# Martin Levin

I received a Ph.D. in mathematics from Johns Hopkins. For most of my
career I taught high school math in Waldorf schools, where the
pedagogy encourages the bridging of mathematics and art. I'm now
retired.

The Platonic solids are quite simple geometric forms, and yet, as one
contemplates them and builds up and holds the forms in one’s
imagination, they become quite captivating. The center has a dual (in
the sense of projective geometry), which is the plane at infinity. One
can imagine the form carved out by planes and lines coming in from the
infinitely distant periphery. The model shown here is designed to
suggest shapes that are not solid blocks, but rather created by lines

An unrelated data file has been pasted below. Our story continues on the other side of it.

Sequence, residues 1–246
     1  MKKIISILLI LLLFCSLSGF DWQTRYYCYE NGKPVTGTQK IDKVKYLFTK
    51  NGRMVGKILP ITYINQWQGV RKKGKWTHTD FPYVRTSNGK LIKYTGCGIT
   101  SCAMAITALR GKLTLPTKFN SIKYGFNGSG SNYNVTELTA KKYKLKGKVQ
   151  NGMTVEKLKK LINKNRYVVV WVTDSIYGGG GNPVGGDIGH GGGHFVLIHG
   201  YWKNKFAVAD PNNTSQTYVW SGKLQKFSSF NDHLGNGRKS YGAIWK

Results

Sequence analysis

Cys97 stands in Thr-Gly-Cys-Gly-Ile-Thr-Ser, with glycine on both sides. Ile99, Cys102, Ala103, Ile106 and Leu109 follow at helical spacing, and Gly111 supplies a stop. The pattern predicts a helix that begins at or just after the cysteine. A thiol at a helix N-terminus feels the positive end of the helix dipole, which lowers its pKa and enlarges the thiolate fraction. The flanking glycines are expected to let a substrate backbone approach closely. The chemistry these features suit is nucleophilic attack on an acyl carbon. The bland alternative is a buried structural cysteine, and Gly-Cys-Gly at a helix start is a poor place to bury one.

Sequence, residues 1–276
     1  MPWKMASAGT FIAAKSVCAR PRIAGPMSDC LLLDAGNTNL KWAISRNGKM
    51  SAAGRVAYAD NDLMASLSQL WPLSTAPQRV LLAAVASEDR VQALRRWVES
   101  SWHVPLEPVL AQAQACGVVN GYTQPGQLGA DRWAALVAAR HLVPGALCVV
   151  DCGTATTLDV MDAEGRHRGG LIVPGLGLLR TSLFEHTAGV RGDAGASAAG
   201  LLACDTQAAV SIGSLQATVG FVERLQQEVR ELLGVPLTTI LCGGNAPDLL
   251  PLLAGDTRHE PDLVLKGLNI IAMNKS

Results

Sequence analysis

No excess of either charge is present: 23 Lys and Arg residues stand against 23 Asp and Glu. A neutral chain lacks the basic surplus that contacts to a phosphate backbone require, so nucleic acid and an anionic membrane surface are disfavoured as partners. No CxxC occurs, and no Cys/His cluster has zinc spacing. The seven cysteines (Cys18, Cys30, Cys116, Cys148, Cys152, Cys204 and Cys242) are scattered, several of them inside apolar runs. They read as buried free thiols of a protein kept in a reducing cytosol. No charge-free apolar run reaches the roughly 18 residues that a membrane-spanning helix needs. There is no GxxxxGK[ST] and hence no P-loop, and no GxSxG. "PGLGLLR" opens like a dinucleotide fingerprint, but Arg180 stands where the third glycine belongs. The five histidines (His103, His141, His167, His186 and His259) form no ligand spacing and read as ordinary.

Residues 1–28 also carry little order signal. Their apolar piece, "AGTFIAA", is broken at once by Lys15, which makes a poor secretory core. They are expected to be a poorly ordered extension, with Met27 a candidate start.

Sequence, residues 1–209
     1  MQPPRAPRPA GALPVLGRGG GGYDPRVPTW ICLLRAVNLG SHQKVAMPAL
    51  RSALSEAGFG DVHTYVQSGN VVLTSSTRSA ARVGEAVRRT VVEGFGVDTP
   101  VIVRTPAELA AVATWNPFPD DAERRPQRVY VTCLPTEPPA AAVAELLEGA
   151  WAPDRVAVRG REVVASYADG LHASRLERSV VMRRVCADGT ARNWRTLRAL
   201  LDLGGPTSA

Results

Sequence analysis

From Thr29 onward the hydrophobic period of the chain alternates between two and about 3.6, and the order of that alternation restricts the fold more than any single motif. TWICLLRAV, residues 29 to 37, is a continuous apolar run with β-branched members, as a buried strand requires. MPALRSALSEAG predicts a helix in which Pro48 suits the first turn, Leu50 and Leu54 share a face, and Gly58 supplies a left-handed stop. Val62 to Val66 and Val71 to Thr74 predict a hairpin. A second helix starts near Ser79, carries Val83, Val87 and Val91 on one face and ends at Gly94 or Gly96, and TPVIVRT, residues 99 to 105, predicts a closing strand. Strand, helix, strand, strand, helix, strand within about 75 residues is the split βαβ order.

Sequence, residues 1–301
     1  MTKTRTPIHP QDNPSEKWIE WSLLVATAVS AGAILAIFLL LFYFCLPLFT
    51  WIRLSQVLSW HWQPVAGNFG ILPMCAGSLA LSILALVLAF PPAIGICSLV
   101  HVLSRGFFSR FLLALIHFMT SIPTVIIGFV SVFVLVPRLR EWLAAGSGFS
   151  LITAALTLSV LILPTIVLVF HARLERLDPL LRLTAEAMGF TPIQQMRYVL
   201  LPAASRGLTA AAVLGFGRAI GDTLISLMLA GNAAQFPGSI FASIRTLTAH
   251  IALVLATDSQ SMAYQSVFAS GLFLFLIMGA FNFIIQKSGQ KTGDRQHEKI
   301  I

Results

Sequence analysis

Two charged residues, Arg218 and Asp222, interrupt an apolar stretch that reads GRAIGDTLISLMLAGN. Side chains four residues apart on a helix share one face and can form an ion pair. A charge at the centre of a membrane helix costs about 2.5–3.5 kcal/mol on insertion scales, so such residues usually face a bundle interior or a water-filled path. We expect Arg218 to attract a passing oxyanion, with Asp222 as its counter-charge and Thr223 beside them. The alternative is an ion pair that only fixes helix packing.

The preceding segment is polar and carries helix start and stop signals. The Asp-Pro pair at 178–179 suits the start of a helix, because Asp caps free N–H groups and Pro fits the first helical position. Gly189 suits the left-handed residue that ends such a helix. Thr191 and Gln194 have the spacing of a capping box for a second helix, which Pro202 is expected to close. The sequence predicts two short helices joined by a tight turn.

and planes coming from the periphery.

Each of the 12 edges of the cube lies on one face of the
dodecahedron, and conversely. Hence, a cube edge meets each of the
five edges of the dodecahedron face; it meets two of them at
internal golden mean division points, two at external golden mean
division points, and one at infinity. Moreover, each dodecahedron
edge, since it lies on two dodecahedron faces, must intersect two
cube edges, which makes it possible to suspend the dodecahedron
inside the cube, as shown here. The ratio of the cube edge to the
dodecahedron edge is φ^4, where φ is the golden mean.

There is another way of inscribing a cube on the faces of a
dodecahedron, well known all the way back to Euclid, but this
figure seems to be new. I have not seen it elsewhere.